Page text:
Regardless of what happens with fuel or food, 10 years from now I want to start transitioning toward retirement. We already grow most of our vegetables, and have room to expand to grow grain, so when time is not in such short supply we'll get some poultry and maybe a few goats. 

I'm only partially thinking about survival, though. Instead of looking into the swirling pot of fear to see what I might not have, I look forward to what I will have. The fuel crisis will continue to unfold as it's been doing for 35 years, but it won't change the fact that you only get one life. I think I'll live it more wisely with chickens.

Barbara

http://www.barbarapleasant.com  

martingr
#15 Posted : Thursday, May 22, 2008 10:18:34 PM
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Barbra,

   Like your slant, fear is not the issue change is. Body by Fisher were in the carriage business in the horse era, when all business assoicated with horses were folding up and going out of business because of the automobile, they didn't, they simply change to making car bodies. We will have to change also to a different engry source, I would guess electric as there are many means to generate. I do think we will be buying food closer to home and maybe small mom and pop farms could fill a niche? Transportation is always the big problem, has been since the beginning and will always be a challange. The Victory gardens of WW2 will start springing up, read in one of the posts about some neighbors working together.

                                                             Gary 

davisonh
#16 Posted : Saturday, May 24, 2008 12:20:31 AM
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Barbra,exactly what Gary said,though I may add also that for people of our age group(45 and younger)the real realization is that there is going to be no 'retirement' per se for us because by the time we get to your age the 'cost of life' will be so prohibitive that any 401k savings or investments will be gobbled up by the tiny value of our currency by that time.So for us who are 45 and younger getting to know how to get by with nearly nothing is going to be very important.

Making and buying food,drying clothes outside,very rarely driving anywhere, making our own power( because in 20 years the cost could be .50/kwh or much higher)will be necessary.The large majority of us will be extremely poor,many crushed under debt loads ten times our iuncome.

Now its all in the way one looks at it.I'm not roped into a doomsday projection either,though the world is changing right now rapidly,and not in our favor on this side of the world.Europe and Japan have been dealing with the same issues we have had crop up for generations.

Darlene Goff
#17 Posted : Saturday, May 24, 2008 3:05:24 AM
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Hi, I'm new to the forums but not to Mother Earth as we were some of her earliest subscribers (1971).   We subscribed for quite a few years,  left off and on, and we are once again subscribers. 

I refuse to think doomsday or think of myself as a survivalist, but rather to try and absorb the message TMEN has always taught of simplicity, growing our own food,, no debt, and reasonable food storage.  To me, that is the ideal life regardless of what is happening in the world.  We have pared our expenses down to where we easily live on our Social Security, but who knows if it will always be there so being as self-sufficient as possible seems reasonable.  We lived on less than we made for many years and have savings, but, again, who knows what it will buy or if it even will be available in the future.  But we do take comfort that it is there.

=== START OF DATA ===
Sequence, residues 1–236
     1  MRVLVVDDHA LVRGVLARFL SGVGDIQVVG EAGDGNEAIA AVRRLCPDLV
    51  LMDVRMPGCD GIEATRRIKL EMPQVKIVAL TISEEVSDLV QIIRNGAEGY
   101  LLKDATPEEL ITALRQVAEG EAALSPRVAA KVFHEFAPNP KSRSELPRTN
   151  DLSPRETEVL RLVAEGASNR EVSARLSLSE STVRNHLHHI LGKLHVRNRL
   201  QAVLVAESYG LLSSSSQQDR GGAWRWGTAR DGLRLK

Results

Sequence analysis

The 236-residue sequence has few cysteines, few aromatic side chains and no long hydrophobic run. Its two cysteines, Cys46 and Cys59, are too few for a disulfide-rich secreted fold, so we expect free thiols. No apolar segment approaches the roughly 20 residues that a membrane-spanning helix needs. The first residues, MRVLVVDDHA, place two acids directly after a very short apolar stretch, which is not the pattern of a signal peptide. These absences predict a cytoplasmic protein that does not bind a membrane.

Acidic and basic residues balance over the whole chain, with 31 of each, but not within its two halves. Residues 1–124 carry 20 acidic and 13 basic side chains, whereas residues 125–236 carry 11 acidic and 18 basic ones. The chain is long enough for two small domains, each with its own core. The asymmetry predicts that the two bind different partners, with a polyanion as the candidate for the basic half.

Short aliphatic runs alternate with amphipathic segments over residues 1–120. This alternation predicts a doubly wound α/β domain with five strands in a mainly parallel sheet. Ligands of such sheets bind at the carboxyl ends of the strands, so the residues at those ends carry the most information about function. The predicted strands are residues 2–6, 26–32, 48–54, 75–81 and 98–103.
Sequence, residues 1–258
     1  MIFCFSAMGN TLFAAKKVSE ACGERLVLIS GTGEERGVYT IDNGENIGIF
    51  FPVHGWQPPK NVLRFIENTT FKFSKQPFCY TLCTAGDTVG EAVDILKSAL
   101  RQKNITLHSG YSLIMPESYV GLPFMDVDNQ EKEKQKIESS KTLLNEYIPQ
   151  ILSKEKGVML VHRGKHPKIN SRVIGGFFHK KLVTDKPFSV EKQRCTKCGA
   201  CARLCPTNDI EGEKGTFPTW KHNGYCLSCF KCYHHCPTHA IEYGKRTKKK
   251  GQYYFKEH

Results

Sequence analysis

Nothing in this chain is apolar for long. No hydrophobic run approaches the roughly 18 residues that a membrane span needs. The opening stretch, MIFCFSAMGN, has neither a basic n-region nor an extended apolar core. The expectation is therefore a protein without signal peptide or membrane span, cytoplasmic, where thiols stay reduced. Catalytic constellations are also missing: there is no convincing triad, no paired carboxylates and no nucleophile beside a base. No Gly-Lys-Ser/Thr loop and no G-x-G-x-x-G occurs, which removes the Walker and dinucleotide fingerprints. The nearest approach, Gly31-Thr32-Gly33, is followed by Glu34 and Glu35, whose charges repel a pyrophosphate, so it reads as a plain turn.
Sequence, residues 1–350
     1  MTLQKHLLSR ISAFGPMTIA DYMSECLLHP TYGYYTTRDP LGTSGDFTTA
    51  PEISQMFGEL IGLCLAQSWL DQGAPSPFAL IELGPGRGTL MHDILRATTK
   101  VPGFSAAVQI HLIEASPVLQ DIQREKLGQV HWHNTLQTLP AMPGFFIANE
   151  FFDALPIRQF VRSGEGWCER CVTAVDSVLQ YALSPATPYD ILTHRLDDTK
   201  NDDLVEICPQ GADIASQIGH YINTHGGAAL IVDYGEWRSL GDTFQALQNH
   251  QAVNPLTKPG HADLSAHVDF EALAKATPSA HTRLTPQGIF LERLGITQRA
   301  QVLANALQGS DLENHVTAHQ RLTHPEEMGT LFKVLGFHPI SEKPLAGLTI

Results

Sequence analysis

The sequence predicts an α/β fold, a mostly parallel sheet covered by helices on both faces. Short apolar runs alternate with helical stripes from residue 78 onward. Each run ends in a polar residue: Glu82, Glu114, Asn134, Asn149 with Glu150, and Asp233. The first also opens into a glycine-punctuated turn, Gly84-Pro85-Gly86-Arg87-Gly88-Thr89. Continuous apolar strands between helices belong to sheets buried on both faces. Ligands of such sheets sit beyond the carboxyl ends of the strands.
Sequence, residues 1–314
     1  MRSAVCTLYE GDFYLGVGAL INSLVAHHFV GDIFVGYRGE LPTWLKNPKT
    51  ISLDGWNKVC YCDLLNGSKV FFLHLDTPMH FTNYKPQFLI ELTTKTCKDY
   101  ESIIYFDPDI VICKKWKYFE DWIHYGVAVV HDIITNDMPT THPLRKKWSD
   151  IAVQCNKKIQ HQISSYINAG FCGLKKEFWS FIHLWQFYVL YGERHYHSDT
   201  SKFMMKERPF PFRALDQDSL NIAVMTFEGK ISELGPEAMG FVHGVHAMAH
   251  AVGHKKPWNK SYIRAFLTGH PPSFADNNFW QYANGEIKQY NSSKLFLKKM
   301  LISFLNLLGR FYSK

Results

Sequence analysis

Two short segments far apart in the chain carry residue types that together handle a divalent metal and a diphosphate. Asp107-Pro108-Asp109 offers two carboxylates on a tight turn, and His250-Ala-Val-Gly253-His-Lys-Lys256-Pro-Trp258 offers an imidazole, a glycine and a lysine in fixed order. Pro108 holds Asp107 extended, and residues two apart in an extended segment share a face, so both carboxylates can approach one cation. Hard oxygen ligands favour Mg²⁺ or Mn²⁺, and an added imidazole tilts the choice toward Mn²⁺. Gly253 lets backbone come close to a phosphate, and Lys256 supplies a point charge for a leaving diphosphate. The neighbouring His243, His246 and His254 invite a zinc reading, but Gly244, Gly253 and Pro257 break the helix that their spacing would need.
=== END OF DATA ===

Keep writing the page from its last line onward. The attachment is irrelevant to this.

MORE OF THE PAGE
I retired six months ago.  We are 62 and 69.   I took early Social Security and I get a small pension that mostly pays our health care costs.   We sold our second car.  Our small car gets good gas mileage and our current gas bill is only $30 a month.  We are close to everything and combine our shopping trips.  We have bicycles, but heavy traffic impedes us there unless we want to ride to the corner convenience store, which we could easily walk to.  We are on the busline but must transfer to get many places we might want to go.   We could, however,  take the bus to the grocery store or to our doctor's.  I am just hoping the city gets into light rail to make it easier to get around the city without a car.   We have a small paid-for home in the older suburbs with good neighbors and we have like-minded friends.  Our taxes are frozen.  My neighbor to the back of us is an accomplished gardener and fruit grower; however, she is not an organic gardener.  We do have our own tangerines, figs, and loquats.  

I am just getting back into organic gardening.  That is my weakness.  That I was not better prepared there and got off-track and abandoned gardening for a decade or so.  Regardless of the economy, I am tired of buying veggies and fruit that might be exposed to pesticides or bacteria.  I am reading everything I can about building up my soil and composting.  We are plagued by ants here and that is a big challenge I am working on.  I did not have a compost pile and did not have time to prepare my garden soil in my raised bed and our soil is thin topsoil over limestone, so I used containers this year.  With the exception of two tomato plants doing well, the rest of my container garden is only so-so.  The bugs and ants did a number on the plants, but much of that could have been avoided.    I am learning from my mistakes.